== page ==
FX round-up: Sterling, dollar fall as glum traders react to UK, US data

By Andrew Schonberg

Date: Friday 03 Feb 2017

FX round-up: Sterling, dollar fall as glum traders react to UK, US data

(ShareCast News) - Sterling and the US dollar are southbound on most major crosses late on Friday as glum traders digest weaker than expected UK services PMI data and, in the US, cooling wage growth and an uptick in the jobless rate.
At 17:19 GMT, sterling was down 0.07% to $1.2518, and down 0.37% to €1.1602. The dollar-spot index was 0.19% lower at $99.604.

"The pound took another tumble after the latest (UK) services PMI for January slipped back more than had been expected," said Michael Hewson, chief market analyst at CMC Markets UK.

"Once again cost inflationary pressures showed no signs of abating, causing firms to also praise prices," he added.

This outcome, noted Hewson, made Bank of England's decision to keep its inflation forecast unchanged "all the more curious".

The Markit/CIPS UK services purchasing-managers' index fell to 54.5 from 56.2 in December, missing expectations for a reading of 55.8.

In the Eurozone, Markit's final services PMI printed at 53.7 in January, in line with December and up from the flash estimate of 53.6.

Sterling's weakness did help the UK's FTSE 100 index of stocks in its march to a higher close.

Banking and financial issues made heady gains, benefiting from expectations US President Donald Trump will ink an executive order for reviewing the Dodd-Frank law with a view to relaxing its harsher components.

The 2010 Dodd-Frank Act was heralded in to avoid financial meltdowns such as that seen in 2008-2009. Critics say the act is overly restrictive.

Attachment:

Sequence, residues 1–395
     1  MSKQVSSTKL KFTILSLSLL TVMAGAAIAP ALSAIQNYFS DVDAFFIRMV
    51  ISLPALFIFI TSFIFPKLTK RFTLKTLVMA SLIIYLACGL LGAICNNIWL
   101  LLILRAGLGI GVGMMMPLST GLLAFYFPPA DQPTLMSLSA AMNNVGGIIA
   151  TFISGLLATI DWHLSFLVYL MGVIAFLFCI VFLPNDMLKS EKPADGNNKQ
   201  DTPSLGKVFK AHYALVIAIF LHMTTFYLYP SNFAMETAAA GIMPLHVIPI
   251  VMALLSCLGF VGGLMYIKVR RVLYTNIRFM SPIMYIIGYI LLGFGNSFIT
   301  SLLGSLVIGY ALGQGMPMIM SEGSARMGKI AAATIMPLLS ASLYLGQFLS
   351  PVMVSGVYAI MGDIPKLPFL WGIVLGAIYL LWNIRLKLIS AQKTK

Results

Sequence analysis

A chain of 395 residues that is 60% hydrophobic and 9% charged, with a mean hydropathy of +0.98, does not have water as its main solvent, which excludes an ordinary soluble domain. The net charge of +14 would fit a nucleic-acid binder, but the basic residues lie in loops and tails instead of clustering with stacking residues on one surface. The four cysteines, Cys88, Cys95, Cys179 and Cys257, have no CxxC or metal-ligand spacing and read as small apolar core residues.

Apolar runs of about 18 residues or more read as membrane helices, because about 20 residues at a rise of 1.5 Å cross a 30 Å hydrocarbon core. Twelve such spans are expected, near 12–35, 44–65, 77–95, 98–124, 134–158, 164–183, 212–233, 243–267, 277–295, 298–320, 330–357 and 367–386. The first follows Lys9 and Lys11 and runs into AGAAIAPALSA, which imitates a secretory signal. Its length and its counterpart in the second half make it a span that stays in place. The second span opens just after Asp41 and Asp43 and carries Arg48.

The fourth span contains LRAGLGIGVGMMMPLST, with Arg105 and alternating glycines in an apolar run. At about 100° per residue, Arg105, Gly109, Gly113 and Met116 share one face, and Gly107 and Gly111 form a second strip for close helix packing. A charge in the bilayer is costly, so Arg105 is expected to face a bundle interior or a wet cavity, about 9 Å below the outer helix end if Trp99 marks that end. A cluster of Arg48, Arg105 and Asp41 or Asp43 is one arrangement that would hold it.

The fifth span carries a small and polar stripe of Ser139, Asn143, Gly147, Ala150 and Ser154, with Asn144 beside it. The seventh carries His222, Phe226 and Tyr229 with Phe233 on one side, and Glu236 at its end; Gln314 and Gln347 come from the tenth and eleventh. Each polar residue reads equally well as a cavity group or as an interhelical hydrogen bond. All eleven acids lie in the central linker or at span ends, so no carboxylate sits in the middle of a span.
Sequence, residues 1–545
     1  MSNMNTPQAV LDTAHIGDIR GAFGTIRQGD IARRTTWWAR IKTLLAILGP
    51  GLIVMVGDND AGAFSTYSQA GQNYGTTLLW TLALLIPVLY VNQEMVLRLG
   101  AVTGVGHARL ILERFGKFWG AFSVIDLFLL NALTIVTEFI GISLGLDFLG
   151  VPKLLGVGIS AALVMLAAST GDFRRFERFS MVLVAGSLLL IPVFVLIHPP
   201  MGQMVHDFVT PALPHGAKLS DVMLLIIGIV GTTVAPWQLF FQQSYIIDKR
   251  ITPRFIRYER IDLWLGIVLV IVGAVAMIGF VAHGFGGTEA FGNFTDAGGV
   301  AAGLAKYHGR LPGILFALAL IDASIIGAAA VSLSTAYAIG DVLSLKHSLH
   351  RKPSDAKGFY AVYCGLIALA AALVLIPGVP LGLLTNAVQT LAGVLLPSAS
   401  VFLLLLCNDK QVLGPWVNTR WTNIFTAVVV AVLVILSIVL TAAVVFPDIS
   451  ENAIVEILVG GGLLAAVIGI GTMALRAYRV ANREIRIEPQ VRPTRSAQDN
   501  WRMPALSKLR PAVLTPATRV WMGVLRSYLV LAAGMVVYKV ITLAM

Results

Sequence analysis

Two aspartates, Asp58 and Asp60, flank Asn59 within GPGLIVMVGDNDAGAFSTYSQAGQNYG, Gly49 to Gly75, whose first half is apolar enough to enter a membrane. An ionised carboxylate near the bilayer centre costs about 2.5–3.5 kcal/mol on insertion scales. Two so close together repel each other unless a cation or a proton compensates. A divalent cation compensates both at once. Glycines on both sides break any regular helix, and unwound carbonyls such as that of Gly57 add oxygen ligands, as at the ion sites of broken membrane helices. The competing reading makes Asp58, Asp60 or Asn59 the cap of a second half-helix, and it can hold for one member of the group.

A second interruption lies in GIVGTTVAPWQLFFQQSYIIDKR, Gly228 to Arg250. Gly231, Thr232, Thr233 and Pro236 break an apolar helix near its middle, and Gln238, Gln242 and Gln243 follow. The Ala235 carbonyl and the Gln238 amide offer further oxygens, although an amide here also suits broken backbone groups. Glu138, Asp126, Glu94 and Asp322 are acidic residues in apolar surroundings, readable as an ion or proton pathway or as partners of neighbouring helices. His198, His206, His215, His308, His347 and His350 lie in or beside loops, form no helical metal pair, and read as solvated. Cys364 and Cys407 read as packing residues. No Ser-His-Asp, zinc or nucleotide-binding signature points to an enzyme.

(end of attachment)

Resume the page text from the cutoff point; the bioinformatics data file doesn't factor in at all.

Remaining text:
Meantime, sterling and the dollar performed poorly versus the currencies of Australia, Canada, New Zealand and Japan, but noticeably worse against South Africa's rand.

The US non-farm payrolls report showed that 227,000 new jobs were created in January, from 157,000 the previous month and above the consensus forecast of 180,000.

However, the unemployment rate unexpectedly ticked up 0.1 percentage points to 4.8%, rising due to an increase in labour force participation rate.

The average hourly earnings disappointed in January, growing by just 0.1% month-on-month, placing the year-on-year gain lower at 2.5%.

"The dollar took a bit of a nose dive in the wake of this afternoon's employment report," wrote Hewson.

"With rising inflationary pressures in the ISM numbers this week, there could be some on the FOMC who think that rising prices require some form of rate response irrespective of what wages do," he opined.

Finally, UK Prime Minister Theresa May took her less-than-welcome Brexit soapbox to Malta, which is hosting the latest and informal EU summit.

She discussed her recent meeting with the US' controversial new president and the proposed to be a bridge to Trump, which unsurprisingly appeared to be rebuffed out of hand.

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